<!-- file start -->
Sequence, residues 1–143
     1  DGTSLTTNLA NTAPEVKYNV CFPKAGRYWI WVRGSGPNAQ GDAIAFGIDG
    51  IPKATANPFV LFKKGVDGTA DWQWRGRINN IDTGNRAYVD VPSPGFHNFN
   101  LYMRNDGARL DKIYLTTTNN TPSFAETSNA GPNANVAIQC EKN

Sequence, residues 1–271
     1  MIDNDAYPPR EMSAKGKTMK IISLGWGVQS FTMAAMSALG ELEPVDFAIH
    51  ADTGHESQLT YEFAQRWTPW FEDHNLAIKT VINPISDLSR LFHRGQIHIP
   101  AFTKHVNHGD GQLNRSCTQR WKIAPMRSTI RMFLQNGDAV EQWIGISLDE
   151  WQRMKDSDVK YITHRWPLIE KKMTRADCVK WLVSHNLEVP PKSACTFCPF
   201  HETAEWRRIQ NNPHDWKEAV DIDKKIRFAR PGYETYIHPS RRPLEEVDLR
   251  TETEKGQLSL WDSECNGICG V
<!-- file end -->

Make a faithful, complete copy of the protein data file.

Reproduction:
Sequence, residues 1–143
     1  DGTSLTTNLA NTAPEVKYNV CFPKAGRYWI WVRGSGPNAQ GDAIAFGIDG
    51  IPKATANPFV LFKKGVDGTA DWQWRGRINN IDTGNRAYVD VPSPGFHNFN
   101  LYMRNDGARL DKIYLTTTNN TPSFAETSNA GPNANVAIQC EKN

Sequence, residues 1–271
     1  MIDNDAYPPR EMSAKGKTMK IISLGWGVQS FTMAAMSALG ELEPVDFAIH
    51  ADTGHESQLT YEFAQRWTPW FEDHNLAIKT VINPISDLSR LFHRGQIHIP
   101  AFTKHVNHGD GQLNRSCTQR WKIAPMRSTI RMFLQNGDAV EQWIGISLDE
   151  WQRMKDSDVK YITHRWPLIE KKMTRADCVK WLVSHNLEVP PKSACTFCPF
   201  HETAEWRRIQ NNPHDWKEAV DIDKKIRFAR PGYETYIHPS RRPLEEVDLR
   251  TETEKGQLSL WDSECNGICG V